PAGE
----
More Singapore companies chose to list in Hong Kong in January

SINGAPORE  – CTR Holdings, a provider of engineering services, is the second Singapore that has picked Hong Kong over its home ground this year, even with the ongoing anti-government protests in the financial hub. In 2019, 10 Singapore firms debuted in Hong Kong, raising US$155 million (S$208.9 million), a 25 per cent increase from 2018, according to data compiled by Bloomberg.

Hong Kong and Singapore have been vying to be the No. 1 financial hub in Asia. After losing e-commerce giant Alibaba Group Holding to the New York Stock Exchange in 2014, Hong Kong's bourse introduced a number of listing reforms, including one allowing companies with a dual-class share structure to list there. That has enabled smartphone maker Xiaomi and food-delivery giant Meituan Dianping to complete multibillion-dollar initial public offerings in Hong Kong.

The Singapore Exchange (SGX) followed shortly after, revising its listing rules to allow companies to offer shares with different voting . But so far, no firm listing on the bourse has adopted the structure.

Singapore remains the preferred listing venue for real estate investment trusts (Reits). Out of the US$2.2 billion raised in that city last year, 98 per cent came from Reits, data compiled by Bloomberg shows. By contrast, Hong Kong saw its first Reit IPO in six years with China Merchants Commercial Real Estate Investment Trust's debut in December.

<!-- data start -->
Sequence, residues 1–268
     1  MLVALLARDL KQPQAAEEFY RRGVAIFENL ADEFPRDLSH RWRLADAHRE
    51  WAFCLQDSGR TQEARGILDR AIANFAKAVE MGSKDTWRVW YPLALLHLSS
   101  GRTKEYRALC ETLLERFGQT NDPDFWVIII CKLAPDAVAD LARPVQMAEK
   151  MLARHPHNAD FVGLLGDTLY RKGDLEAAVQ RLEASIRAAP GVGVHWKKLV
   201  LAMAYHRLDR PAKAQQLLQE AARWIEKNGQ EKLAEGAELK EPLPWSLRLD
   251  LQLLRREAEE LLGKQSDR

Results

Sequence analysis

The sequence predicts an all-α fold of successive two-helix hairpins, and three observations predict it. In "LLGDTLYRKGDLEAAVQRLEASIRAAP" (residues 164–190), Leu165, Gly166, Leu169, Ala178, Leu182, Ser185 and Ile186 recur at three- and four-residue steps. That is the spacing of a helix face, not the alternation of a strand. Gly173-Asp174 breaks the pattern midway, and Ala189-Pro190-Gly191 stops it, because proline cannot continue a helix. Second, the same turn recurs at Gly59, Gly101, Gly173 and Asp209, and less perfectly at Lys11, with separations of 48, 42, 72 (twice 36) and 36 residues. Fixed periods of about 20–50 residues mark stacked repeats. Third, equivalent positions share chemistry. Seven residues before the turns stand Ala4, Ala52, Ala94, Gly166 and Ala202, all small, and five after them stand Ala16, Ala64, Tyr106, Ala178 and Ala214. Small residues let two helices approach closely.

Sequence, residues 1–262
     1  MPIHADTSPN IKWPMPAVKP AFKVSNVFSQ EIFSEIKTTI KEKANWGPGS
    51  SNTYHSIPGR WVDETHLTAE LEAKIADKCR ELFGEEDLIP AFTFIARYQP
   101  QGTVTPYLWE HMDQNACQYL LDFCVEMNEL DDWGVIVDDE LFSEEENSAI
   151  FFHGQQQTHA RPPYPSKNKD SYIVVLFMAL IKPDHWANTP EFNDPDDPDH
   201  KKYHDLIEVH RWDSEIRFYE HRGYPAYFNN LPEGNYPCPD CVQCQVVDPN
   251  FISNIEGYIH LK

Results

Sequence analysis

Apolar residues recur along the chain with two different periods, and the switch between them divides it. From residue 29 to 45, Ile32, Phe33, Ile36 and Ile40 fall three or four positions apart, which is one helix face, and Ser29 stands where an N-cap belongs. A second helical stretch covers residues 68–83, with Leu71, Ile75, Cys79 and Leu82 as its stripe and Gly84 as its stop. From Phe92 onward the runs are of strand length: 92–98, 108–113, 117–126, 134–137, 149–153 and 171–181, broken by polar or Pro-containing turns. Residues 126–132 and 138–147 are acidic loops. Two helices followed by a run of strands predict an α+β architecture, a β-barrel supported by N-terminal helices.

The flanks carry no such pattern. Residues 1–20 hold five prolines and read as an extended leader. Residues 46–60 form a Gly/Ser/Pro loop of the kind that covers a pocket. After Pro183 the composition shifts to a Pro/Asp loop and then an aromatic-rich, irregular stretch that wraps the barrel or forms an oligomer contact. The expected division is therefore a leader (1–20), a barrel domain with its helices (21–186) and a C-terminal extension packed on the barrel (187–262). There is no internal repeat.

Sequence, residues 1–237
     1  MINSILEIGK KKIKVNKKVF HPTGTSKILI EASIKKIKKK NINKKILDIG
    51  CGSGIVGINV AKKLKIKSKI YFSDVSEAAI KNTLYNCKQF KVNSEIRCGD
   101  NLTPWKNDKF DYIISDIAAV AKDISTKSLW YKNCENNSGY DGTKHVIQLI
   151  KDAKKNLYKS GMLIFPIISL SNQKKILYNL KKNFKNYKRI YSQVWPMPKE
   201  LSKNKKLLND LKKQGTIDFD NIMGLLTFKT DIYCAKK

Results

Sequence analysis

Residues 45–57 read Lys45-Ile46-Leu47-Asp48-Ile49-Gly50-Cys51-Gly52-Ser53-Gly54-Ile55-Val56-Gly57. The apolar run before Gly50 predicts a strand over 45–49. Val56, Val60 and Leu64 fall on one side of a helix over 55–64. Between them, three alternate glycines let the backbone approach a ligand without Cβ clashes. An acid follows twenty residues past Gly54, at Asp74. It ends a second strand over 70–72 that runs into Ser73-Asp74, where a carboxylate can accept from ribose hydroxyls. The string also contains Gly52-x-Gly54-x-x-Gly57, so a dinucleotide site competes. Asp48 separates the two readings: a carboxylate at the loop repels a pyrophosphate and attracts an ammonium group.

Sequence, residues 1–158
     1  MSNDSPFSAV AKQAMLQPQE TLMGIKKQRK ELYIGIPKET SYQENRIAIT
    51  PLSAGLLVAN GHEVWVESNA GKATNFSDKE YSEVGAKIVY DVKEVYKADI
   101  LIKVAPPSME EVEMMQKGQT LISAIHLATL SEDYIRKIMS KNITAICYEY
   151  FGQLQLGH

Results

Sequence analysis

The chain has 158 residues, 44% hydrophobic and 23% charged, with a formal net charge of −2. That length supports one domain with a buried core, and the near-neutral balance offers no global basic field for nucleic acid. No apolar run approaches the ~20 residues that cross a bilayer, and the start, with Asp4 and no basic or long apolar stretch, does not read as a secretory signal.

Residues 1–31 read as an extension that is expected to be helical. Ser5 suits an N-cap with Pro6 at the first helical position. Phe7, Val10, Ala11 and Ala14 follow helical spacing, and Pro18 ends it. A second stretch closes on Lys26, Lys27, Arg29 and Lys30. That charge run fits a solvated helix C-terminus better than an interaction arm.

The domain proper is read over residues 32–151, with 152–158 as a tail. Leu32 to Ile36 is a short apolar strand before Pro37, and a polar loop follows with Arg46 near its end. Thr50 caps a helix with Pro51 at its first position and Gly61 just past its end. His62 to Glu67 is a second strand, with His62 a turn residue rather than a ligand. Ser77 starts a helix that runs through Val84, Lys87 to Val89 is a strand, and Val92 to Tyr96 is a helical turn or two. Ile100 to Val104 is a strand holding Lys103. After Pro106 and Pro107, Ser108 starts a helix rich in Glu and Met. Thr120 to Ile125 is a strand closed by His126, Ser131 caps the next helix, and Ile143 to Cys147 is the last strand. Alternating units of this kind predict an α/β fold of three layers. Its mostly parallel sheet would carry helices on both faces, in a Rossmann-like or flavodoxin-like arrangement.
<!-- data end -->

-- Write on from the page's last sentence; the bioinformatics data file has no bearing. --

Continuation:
The amount raised by non-Reit companies in Singapore is a fraction of what they are raising in Hong Kong. In Singapore, six of them raised a total of US$31.9 million last year, 21 per cent of what was raised by Singaporea companies in Hong Kong, the data shows.

SGX announced earlier this month that it will be removing quarterly reporting for companies, except for those associated with higher risk. The bourse mentioned that this is to be in line with other global markets including Hong Kong, Australia, the UK and other European countries.

“It helps save a lot of work as well as unnecessary share price movements for the companies,” said Mr Jarick Seet, an analyst at RHB Bank in Singapore. “I don't think this will cause a major factor in the decision-making process but it's a slight . The overall decision will still depend on the sector and valuation of the market for that company.”

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